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Lack of regulatory enforcement results in slow adoption of high efficiency motors

IHS reports that IE1 Standard Efficiency motors still represent a significant portion of revenues in low voltage (LV) motor markets that are under government-mandated transitions to higher efficiencies.

The global IE1 LV motor market was estimated to be worth US$7.5 billion in 2012, which represented 60 percent of the total regulated LV motor market by revenues.

Regulatory exemptions that allow motors of lesser efficiency to be produced beyond the required inception dates stated in the legislation have slowed the turnover of both annual sales and the global installed base of motors to IE2 or above.

This has greatly impeded the high efficiency motor markets from gaining traction, and has diluted revenue growth in the global LV motor market significantly.   

“From an energy efficiency standpoint, this is the most exciting time in the industrial motors market in the last 20 years,” said Mark Meza, principal analyst for IHS.

“However, obtaining the lowest cost solution on the front-end rather than considering the overall cost of ownership of the motor is still the market reality, despite regulatory efforts to rebalance this dynamic.”

Exemptions pertaining to a motor’s defined purpose and its operating environment, namely temperature, elevation and duty cycle are being exploited to circumvent the original intent of the legislation.

IE1 motors are still the dominant motor efficiency class in the European Union and South Korea despite these markets being more than two and six full years, respectively, into the transition to IE2 machines.

A similar dynamic working against the high efficiency motor market can be found in all regulated motor markets around the world.

IHS believes that energy efficiency regulations drive the global market for LV motors, and provide a catalyst for higher efficiency, and thusly more expensive motors, to replace cheaper lower efficiency motors.

However, the fact that no enforcement action is being taken when the regulations are not followed results in artificially extending the availability of motors that are no longer supposed to be sold.

A compound annual growth rate (CAGR) of 2 to 3 percent for average selling prices (ASP) in any given time period was the norm in pre-energy efficiency focused LV motor markets of past decades.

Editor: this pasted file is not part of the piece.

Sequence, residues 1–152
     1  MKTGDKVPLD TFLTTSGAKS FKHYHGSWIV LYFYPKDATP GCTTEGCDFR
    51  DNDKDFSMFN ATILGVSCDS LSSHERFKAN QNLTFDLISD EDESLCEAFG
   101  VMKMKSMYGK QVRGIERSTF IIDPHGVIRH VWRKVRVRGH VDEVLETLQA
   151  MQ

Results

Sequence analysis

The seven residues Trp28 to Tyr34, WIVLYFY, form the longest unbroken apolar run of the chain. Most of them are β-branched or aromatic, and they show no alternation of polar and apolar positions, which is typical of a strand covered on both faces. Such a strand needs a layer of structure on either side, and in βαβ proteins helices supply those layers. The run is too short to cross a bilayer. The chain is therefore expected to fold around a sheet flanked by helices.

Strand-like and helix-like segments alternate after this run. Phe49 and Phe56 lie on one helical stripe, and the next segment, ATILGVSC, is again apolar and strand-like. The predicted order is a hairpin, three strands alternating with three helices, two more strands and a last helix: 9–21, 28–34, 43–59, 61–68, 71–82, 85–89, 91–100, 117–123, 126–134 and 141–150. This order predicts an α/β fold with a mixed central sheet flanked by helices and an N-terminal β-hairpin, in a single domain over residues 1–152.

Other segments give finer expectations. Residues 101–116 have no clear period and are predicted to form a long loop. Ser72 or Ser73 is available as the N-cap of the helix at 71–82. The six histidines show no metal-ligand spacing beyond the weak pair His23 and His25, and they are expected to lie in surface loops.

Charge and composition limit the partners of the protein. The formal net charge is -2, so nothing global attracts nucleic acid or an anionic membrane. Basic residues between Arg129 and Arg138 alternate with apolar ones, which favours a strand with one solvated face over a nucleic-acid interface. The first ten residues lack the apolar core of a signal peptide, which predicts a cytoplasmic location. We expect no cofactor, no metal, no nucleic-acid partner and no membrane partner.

Abiding by energy efficiency regulations in the ideal sense should result in at least a 5 to 6 percent CAGR for ASPs during a typical four to five year transition period to higher efficiency motors.

“The prevalence of exempted lower efficiency motors in the market beyond reasonable phase-out periods greatly reduces the revenue growth potential that could be realized by motor manufacturers,” Meza stated.

“The market reality is that the lowest cost motor is still king despite energy efficiency regulations coming into effect, and the potential savings in lifetime operating costs they were intended to foster.”

A drastic slowdown in the Chinese market in 2012 and the ongoing economic difficulties in the Eurozone have only compounded this market reality and slowed the efficiency transitions even further. Officially, China began to transition to IE2 in September of 2012, while the European Union began in June of 2011.

“It may be several years before we see a significant drawdown of IE1 motors in China and a peak of the IE2 market in the European Union, especially with no legitimate enforcement mechanism in place,” Meza said.

The US and Canadian LV motor markets have the highest minimum energy efficiency regulations in the world at IE3 (Premium Efficiency).

Unfortunately, the “exemption” markets of IE1 and IE2 motors in these countries still accounted for several hundred million dollars in revenues in 2012, despite legislation implemented in 1997 and 2010 in the US and in 2012 in Canada, intended to quickly phase these motors out of the marketplace.

“If the history of motor efficiency transitions in the US market is any indication, the LV motor markets in other countries that are implementing similar transitions will have to accept a slow and gradual transformation rate over the course of the next decade,” Meza concluded.

“Economic problems aside, this will significantly constrain the LV motors market’s revenue and ASP growth and counteract the energy efficiency regulations already in place.”

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